Macron warned ‘worst’ days to come as he remains defiant over pensions3 min read
Emmanuel Macron removes his watch during interview
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French President Emmanuel Macron has been warned unrest in his country over his forced pension reform could “get worse” as he continues to fail to get unions on board. Fears that violence could mar the demonstrations prompted what Interior Minister Gérald Darmanin described as an unprecedented deployment of 13,000 officers, nearly half of them concentrated in the French capital.
The protests got underway peacefully on Tuesday morning across the country. In Paris, striking railway workers with burning flares and flags invaded and blocked train tracks serving one of the capital’s main stations, Gare de Lyon.
But police were braced for violence later in the day. The interior minister said more than 1,000 “radical” troublemakers, some from overseas, could latch on to marches planned in Paris and elsewhere.
Commenting on the crisis unfolding in France, Director of Eurointelligence, Wolfgang Munchau, asked: “So here we are, a necessary reform that all of a sudden has turned explosive, all reason and proportionality lost.
“How can the government, and France, move forward from here?”
He warned Macron has limited options to save his government from surviving new potential votes of no confidence.
He added: “Edouard Philippe warned that if the centre is not organising itself, the country will become ungovernable. The question goes way beyond the pension reform: with whom, how, over what and thanks to whom can the government build sufficient support to continue to govern? Who is able to create majorities? The idea of joining forces with Les Républicains is dead.
“Attracting single MPs from the left and the right in a variable geometry for individual texts, a tactic Elisabeth Borne is planning to apply, is not so easy if the whiff of dissolution of parliament is in the air and between the testing ambitions of some for the after-Macron era.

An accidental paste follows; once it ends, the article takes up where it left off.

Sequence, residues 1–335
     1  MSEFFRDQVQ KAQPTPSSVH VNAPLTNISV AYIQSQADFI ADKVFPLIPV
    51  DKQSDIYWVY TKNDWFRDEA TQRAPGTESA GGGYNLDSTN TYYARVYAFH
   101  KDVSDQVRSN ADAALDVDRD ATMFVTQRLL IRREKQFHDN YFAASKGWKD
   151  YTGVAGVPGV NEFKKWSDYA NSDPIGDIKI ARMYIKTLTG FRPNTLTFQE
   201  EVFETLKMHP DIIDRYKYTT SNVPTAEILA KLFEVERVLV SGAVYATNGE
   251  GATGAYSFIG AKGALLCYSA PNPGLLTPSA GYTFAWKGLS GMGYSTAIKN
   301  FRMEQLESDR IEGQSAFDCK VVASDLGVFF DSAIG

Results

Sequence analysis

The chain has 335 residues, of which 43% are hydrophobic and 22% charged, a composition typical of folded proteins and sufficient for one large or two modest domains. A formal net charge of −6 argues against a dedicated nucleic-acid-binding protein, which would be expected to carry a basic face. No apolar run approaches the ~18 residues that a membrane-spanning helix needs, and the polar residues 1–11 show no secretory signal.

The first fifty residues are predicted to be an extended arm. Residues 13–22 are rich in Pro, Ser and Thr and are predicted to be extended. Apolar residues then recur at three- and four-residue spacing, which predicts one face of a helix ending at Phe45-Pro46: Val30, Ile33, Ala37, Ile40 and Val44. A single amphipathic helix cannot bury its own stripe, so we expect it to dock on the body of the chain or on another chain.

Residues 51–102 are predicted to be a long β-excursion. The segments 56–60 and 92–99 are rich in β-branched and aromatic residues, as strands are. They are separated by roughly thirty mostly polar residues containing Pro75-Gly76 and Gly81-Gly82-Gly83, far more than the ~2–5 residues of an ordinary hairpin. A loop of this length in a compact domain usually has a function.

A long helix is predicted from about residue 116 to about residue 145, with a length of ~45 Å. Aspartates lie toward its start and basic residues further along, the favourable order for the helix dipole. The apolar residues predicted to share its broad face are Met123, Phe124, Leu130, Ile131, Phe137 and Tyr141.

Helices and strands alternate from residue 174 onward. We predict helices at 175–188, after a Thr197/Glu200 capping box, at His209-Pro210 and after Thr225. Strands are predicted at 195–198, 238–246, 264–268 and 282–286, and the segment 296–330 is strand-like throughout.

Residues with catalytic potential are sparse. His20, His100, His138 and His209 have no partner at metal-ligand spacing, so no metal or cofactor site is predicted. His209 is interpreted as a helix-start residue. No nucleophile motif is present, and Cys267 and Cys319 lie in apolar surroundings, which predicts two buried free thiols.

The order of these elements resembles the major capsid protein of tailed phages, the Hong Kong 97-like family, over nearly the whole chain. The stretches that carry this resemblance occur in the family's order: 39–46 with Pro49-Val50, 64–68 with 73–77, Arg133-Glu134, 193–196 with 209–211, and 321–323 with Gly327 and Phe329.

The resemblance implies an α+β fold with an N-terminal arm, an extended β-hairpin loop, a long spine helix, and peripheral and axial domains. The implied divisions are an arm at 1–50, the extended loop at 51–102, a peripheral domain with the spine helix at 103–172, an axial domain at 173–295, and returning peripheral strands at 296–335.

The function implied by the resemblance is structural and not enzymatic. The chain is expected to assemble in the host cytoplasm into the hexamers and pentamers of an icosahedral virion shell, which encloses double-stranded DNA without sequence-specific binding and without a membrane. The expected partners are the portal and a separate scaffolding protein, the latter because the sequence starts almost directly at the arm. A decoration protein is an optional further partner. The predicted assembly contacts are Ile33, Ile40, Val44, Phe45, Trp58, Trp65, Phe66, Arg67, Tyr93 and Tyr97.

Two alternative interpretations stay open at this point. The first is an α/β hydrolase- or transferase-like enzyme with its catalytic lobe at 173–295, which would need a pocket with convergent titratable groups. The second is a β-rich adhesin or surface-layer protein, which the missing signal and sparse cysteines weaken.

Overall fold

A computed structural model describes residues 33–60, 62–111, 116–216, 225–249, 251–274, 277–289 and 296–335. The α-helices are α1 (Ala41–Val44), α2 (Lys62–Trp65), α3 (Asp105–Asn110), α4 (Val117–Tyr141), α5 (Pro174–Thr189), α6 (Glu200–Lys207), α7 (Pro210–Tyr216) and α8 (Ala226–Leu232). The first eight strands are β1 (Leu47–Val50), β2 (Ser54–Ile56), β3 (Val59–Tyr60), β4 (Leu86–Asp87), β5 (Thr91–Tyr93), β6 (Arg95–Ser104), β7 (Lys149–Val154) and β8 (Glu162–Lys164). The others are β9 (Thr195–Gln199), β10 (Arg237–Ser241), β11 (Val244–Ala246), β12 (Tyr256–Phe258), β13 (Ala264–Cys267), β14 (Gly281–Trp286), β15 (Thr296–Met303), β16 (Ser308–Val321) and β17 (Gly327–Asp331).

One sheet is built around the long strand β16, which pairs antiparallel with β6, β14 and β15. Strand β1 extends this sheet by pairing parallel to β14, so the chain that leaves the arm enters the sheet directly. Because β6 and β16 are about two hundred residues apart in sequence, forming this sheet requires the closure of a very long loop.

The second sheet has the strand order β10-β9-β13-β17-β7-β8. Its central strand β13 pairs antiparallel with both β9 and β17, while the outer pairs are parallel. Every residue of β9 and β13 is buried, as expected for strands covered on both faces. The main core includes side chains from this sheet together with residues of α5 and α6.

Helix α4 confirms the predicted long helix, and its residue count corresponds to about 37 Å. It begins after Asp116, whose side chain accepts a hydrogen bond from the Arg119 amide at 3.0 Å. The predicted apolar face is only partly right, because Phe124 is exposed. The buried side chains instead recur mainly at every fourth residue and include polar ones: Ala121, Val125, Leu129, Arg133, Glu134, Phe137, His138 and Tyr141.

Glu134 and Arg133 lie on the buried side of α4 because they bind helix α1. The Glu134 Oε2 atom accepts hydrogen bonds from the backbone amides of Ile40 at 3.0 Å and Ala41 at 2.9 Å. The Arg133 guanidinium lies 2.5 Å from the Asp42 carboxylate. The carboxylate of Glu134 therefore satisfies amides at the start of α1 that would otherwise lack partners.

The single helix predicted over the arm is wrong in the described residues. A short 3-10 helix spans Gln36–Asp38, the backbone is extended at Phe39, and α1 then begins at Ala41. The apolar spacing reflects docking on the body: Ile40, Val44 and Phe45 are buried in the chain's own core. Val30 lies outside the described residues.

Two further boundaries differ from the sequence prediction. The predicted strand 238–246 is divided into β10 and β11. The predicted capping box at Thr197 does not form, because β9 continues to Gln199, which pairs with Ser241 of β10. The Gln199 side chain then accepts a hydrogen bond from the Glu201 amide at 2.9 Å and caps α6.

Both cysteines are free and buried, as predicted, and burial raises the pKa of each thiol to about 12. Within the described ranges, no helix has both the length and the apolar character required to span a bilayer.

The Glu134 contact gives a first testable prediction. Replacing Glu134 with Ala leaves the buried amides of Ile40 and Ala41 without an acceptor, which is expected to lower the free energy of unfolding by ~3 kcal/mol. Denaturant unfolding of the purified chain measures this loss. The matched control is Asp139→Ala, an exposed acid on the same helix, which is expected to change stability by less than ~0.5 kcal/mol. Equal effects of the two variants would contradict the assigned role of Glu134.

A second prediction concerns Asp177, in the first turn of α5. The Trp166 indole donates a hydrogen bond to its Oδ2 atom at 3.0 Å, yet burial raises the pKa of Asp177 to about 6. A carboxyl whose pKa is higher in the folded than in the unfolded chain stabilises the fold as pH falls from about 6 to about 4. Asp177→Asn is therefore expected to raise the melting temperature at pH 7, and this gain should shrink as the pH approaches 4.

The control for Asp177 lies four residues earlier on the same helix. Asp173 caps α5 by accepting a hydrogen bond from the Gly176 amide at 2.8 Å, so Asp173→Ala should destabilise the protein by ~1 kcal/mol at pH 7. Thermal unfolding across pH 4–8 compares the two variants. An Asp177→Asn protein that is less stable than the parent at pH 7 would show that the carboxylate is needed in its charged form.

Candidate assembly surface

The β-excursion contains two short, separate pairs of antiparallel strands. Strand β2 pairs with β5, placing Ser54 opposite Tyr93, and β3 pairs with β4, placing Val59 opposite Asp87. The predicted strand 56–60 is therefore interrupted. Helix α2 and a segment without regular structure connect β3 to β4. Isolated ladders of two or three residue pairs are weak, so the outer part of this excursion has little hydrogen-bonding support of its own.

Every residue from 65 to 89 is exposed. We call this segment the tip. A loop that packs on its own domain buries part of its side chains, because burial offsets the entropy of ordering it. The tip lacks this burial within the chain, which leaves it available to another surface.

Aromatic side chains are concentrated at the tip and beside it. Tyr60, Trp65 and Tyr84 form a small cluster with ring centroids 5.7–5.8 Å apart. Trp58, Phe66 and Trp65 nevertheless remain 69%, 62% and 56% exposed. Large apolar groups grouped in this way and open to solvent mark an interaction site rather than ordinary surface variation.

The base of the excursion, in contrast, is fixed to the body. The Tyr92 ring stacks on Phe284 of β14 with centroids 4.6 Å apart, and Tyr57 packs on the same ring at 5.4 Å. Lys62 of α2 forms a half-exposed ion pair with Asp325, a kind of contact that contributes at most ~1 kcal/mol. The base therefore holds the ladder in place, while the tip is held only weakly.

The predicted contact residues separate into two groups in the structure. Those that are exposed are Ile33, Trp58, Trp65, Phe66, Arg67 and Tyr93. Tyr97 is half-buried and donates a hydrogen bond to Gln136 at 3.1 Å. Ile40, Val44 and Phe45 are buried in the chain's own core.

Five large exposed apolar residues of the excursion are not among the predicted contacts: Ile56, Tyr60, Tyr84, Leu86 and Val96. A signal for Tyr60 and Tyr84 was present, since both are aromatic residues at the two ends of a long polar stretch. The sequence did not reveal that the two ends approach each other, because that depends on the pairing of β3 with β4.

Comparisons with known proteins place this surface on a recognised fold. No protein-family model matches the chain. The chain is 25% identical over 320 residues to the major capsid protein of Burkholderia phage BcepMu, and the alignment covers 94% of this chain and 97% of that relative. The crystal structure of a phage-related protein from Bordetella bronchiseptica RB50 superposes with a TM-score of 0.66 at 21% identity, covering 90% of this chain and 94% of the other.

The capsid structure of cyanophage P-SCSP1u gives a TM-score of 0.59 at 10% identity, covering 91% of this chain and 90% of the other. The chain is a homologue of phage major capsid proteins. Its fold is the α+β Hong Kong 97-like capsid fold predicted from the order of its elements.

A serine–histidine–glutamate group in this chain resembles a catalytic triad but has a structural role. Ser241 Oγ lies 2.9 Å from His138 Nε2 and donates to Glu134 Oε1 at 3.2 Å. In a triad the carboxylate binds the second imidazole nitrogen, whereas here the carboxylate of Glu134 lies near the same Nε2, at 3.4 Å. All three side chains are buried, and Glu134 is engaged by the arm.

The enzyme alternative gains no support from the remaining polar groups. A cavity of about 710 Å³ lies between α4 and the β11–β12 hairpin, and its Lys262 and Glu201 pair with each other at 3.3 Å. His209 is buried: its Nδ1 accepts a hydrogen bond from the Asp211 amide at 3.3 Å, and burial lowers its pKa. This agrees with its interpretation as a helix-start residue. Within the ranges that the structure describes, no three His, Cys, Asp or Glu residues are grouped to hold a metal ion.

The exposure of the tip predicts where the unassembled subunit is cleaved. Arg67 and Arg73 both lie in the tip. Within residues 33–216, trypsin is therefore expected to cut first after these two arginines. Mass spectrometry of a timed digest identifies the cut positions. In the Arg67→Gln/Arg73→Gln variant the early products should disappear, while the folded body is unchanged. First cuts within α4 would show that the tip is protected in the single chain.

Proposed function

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“Borne wants to start with nuclear and renewable energy, inviting the opposition to join in collaborating on a text that could pass the assembly.
“There is no easy solution and the potential is there for it to get a lot worse.”
Condemning violent protesters, Darmanin said on Monday: “They come to destroy, to injure and to kill police officers and gendarmes. Their goals have nothing to do with the pension reform. Their goals are to destabilise our republican institutions and bring blood and fire down on France.”
Union leaders and political foes of Macron blame his government for protest violence that has flared in recent weeks, saying his pension reforms are sparking it.
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Critics also allege that police officers are using excessive force against protesters. A police oversight body is investigating multiple claims of wrongdoing by officers.
The new wave of strikes and protests was the tenth time since January that unions have called on workers to walk out and for demonstrators to flood the streets against Macron’s push to move back France’s legal retirement age from 62 to 64.
Unable to get a majority in parliament’s lower house for the unpopular reforms, Macron rammed them through using a special constitutional power, further inflaming protesters’ anger.
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